RICHMOND, Va. (WRIC) — A former Richmond attorney pleaded guilty Thursday to obstructing an official proceeding in connection to his attempts to hinder a 2019 investigation into his own fraudulent conduct as a bankruptcy trustee.
According to court documents, Bruce H. Matson, 64, misled the U.S. Trustee’s Office in 2019 when he made false statements in response to allegations that he misappropriated funds as a court-appointed trustee in the bankruptcy of Glen Allen-based title insurance company LandAmerica Financial Group. Since disbarred, Matson was a longtime local bankruptcy attorney, formerly of LeClairRyan.
Prosecutors said that a federal investigation into such allegations uncovered multiple instances of Matson’s embezzlement from the LandAmerica Financial Group Trust between 2015 and 2018 totaling approximately $800,000 in misappropriated funds.
“Matson abused his position as an attorney, officer of the court, and bankruptcy trustee to enrich himself at the expense of the people whose very interest the court appointed him to protect,” Acting U.S. Attorney for the Eastern District of Virginia (EDVA) Raj Parekh said. “As part of our unwavering commitment to pursuing equal justice under the law, we will continue to root out the fraudulent conduct of those who violate the public’s trust and use their positions of power to conceal their crimes.”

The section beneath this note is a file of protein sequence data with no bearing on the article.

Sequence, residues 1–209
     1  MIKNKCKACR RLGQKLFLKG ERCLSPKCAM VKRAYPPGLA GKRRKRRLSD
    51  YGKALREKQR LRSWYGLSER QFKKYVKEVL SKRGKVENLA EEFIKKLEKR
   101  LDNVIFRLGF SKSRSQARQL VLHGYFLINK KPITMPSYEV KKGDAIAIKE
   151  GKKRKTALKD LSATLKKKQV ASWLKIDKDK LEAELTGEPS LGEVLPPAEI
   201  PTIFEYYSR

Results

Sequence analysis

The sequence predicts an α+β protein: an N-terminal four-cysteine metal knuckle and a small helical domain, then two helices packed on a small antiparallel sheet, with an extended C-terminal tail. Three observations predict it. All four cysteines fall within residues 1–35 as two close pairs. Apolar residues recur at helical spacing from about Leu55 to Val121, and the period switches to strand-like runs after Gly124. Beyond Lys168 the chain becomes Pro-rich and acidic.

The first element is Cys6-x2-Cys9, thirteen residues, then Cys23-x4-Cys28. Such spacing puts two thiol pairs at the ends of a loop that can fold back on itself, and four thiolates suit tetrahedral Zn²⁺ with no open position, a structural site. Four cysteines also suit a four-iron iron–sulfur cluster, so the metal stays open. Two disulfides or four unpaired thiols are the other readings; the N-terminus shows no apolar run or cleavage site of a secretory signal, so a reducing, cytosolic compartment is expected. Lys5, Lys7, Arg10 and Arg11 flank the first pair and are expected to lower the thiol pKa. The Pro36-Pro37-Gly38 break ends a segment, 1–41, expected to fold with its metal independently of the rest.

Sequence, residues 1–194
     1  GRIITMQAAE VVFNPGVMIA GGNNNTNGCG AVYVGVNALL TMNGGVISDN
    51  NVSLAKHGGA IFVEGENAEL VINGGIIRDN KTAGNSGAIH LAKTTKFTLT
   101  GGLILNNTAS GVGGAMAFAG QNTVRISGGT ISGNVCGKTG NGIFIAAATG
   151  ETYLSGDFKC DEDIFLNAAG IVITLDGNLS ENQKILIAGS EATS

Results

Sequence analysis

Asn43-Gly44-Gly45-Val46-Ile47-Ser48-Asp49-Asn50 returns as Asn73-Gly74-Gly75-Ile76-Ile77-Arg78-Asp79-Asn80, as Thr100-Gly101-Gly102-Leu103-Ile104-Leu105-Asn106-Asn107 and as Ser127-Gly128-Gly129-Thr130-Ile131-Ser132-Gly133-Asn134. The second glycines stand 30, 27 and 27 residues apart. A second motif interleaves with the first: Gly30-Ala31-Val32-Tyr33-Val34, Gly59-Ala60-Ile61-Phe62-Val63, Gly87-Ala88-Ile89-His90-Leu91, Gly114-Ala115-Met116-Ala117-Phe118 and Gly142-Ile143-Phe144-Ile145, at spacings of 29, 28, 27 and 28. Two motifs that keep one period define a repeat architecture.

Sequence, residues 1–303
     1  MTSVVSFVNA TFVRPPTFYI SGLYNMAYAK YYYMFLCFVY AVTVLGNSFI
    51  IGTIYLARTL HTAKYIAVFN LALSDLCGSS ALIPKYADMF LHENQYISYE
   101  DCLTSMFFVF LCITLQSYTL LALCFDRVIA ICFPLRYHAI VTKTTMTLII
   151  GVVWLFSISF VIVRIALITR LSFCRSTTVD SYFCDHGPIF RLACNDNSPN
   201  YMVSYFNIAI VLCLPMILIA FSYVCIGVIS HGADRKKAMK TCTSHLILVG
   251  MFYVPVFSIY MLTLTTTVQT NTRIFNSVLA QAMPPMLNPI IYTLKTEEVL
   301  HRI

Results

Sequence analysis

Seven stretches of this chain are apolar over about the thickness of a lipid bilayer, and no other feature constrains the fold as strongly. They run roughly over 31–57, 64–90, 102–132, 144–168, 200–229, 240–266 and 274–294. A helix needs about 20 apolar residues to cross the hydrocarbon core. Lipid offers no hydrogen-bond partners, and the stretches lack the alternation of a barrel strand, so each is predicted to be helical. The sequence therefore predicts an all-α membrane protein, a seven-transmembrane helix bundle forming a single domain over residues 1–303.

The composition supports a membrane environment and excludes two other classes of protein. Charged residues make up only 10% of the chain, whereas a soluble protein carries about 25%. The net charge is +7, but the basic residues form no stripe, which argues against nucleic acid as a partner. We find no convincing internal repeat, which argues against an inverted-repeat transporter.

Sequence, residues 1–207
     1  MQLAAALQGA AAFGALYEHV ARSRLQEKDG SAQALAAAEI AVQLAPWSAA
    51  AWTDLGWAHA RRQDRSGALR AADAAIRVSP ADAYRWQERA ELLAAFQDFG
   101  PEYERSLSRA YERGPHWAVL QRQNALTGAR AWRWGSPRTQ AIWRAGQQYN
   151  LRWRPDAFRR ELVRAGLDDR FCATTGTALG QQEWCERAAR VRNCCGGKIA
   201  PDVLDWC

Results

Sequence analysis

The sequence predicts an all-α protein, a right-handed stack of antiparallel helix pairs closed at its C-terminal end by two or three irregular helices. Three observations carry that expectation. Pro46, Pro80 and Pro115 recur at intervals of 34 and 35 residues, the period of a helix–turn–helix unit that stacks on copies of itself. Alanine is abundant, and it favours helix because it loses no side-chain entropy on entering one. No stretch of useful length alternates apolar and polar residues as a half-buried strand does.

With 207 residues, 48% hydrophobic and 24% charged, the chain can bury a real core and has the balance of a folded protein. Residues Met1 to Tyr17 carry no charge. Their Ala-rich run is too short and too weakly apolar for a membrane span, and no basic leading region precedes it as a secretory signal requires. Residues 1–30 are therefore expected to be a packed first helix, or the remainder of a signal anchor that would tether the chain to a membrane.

According to the U.S. Attorney’s Office, Matson manipulated the budget for LandAmerica Financial Group’s post-bankruptcy wind-down period so that he could redirect residual funds to himself and others after the close of the company’s bankruptcy. In particular, Matson misrepresented the amount of money needed for the wind-down process and obscured the amount of money actually retained in trust accounts, according to a release.
Prosecutors said that the night before the budget for LandAmerica Financial Group’s post-bankruptcy wind-down period was filed with the Bankruptcy Court, Matson inserted language to give himself the authority to pay discretionary bonuses using residual funds. As a result of his conduct, Matson was able to siphon away more than $3.2 million for personal payments to himself and others, depleting the trust account more than two years before the end of the wind-down period.
According to a release, the federal investigation also uncovered an unrelated instance of Matson embezzling approximately $23,000 in 2016 from the estate of Forefront Capital, a defunct futures broker for which he served as receiver and debtor-designee. In total, between 2015 and 2019, Matson reportedly obtained more than $4 million in bankruptcy-related assets, which were not his to obtain.
The U.S. Attorney’s Office for the Eastern District of Virginia announced Thursday that Matson is scheduled to be sentenced on Nov. 22. He faces a maximum penalty of five years in prison.